Q: Is there anything you would like to share?
A: I encourage people who have never tried indoor cycling to give New Trail a shot because it’s a pleasant atmosphere. It has something for everybody, and it’s not overwhelming or pretentious. I’ve known Liz, the owner, for about 12 years. She’s good people, and it’s a great place to be!

Beyond the Physical

Uma Alexandra Beepat

My friend Tim from yoga class who follows my blog said, “I know a person who would be great for you to interview! Her name is Uma Alexandra Beepat. She is a Master Healer, owner of the Lotus Wellness Center, and an author. She’s incredible!” Given Tim’s enthusiasm and recommendation, how could I not reach out to Uma? No matter what your beliefs, I hope you keep an open mind and enjoy her interview.

Q: What is a master healer?
A: A master healer is someone who has completed over 10,000 sessions and is certified in several different methods of healing, thereby increasing their experience and knowledge in healing.

Q: Who or what inspired you to become a master healer?
A: The funny thing is I didn’t set out to become a master healer; it happened by way of me working! Over 10 years of working with clients, I am nearing my 10,000 mark, and that standard is accurate. I am more aware of healing issues and what people sometimes need before they even tell me their issues.

Q: What is your greatest reward being a master healer?
A: My greatest reward is knowing how many people I have helped to heal and move forward to live better lives.

Q: What is your greatest challenge being a master healer?
A: My greatest challenge is seeing people suffer unnecessarily when there are healing choices available to them. While healing is not a cure-all or replacement for traditional medicine, it can be a great addition to the treatment of a person using western medicine.

Q: What is the most common shared area that you feel people need life improvement?
A: The most common shared perception is the lack of money or the scarcity of it and therefore, the mindset that ensues. When we live in lack, we can only see the world from a small lens, so everything seems insufficient. There is a lot of talk about what you can’t do or can’t have. I am working to change this perception because once that happens, your world expands and you can go on to live a healthier and happier life full of abundance.

Q: Why did you open Lotus Wellness Center, and what is your long-term goal for the center?  
A: I opened Lotus Wellness Center to provide a safe place for people who need healing and wanted to further their spiritual and emotional growth. After we complete high school/college, there are little resources or community available to people to bond, connect, or continue life learning. Lotus was and is meant to address that concern. My long-term goal is to expand and have a Lotus Wellness Center in every town and state so that everyone has a place to go when they need it.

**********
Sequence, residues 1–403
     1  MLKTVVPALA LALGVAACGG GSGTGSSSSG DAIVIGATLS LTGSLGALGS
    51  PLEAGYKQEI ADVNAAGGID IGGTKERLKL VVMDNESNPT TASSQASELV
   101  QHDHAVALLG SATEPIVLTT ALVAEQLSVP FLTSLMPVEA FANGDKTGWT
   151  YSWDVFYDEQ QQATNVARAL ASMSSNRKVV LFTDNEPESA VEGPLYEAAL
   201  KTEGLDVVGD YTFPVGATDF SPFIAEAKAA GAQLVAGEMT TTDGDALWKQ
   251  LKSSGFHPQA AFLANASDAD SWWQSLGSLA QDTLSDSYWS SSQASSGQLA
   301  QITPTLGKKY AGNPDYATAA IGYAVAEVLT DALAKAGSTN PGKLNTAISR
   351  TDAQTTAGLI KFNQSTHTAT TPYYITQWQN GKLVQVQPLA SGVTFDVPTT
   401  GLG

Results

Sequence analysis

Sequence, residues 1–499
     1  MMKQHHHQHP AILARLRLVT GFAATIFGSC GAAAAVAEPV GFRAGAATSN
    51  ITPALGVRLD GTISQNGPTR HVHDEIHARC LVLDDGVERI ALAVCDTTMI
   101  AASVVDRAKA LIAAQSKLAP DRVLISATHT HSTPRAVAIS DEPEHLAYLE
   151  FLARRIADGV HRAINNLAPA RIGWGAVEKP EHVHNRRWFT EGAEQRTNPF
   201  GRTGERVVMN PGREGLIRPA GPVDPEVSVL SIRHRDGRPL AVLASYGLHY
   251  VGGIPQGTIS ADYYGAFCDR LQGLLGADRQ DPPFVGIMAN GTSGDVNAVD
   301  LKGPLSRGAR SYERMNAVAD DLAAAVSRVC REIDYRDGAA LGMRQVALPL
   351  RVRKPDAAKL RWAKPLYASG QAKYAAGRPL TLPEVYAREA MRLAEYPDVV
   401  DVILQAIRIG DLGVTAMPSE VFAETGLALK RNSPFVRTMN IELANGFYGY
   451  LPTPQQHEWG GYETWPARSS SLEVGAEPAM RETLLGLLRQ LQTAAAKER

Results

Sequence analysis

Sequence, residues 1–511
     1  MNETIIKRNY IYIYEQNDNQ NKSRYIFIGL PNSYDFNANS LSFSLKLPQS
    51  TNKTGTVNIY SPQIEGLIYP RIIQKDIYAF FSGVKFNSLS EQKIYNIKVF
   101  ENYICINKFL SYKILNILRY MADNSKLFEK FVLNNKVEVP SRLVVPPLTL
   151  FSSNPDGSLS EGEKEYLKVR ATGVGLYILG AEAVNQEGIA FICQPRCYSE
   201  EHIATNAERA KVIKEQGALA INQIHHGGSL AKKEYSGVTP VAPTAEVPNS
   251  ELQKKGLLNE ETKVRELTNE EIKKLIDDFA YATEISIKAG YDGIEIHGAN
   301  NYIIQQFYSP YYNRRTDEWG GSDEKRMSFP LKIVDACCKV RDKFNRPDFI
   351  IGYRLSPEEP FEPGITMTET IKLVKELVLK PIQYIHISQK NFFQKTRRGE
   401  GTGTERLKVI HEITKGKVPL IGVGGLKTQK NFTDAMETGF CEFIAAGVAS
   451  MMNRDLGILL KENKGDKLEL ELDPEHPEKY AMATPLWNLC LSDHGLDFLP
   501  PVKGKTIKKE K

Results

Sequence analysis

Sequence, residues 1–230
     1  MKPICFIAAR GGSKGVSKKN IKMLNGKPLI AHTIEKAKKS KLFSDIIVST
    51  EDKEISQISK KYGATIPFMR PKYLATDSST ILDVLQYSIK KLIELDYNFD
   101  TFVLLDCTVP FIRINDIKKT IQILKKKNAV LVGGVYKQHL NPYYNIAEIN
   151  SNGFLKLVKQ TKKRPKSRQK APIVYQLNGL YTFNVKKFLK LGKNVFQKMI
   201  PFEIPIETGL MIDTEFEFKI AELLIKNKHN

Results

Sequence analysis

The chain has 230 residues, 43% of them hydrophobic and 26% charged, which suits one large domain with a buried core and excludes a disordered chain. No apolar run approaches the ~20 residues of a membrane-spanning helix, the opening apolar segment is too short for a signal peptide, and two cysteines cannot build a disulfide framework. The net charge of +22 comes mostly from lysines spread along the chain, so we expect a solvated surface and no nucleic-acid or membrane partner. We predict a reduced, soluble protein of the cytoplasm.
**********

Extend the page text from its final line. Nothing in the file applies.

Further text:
Q: You have an impressive list of certifications, having earned more than 40! Is there any certification you want to achieve that you have not already?
A: Thank you! I am a student at heart, and most of my certifications were for my benefit, not necessarily to share professionally. Currently, I am working on becoming a certified medium as my shift in my work has turned to spirituality and spiritual communication. I am in a program that is a lengthy testing process and consists of 30 lessons. It has been an interesting road; the healing that comes from this type of work is indescribable.

Q: What is your favorite area of certification? 
A: My favorite area of certification is Access Consciousness. I currently offer two techniques under this modality. They are very effective in changing people’s mindsets and lives.

Q: What is your most valued tool in your “toolbox”? 
A: Access Bars because it changes your belief systems and limiting thoughts without you having to do anything! It’s automatic, it’s quick, and it’s noticeable! [NOTE: Access Bars are 32 bars of energy that run through and around your head that connect to different aspects of your life. Examples: creativity, control, communication, healing, kindness/gratitude/peace, etc.]

Q: Is there anything else you would like to share with my readers?
A: Yes! I am also the proud co-owner of spiritual retreats with my partner Rob Pritchard. We have a spiritual retreat coming up in October that I hope your readers can join us for called The Awakened Life Retreat. We also have an annual New Year, New You workshop in January! I love retreat work because it brings a deeper dive into healing and reflection that regular appointments cannot.

Uma’s Background: owner of Lotus Wellness Center, spiritual teacher, psychic and spiritual medium, master energy healer, consciousness speaker, and author of The Awakened Life (available through Amazon). Uma’s designation of master healer comes from her experience training for over 10 years consistently in metaphysics education and earning 40 certifications (and counting)! Also, she has personally worked on over 10,000 clients.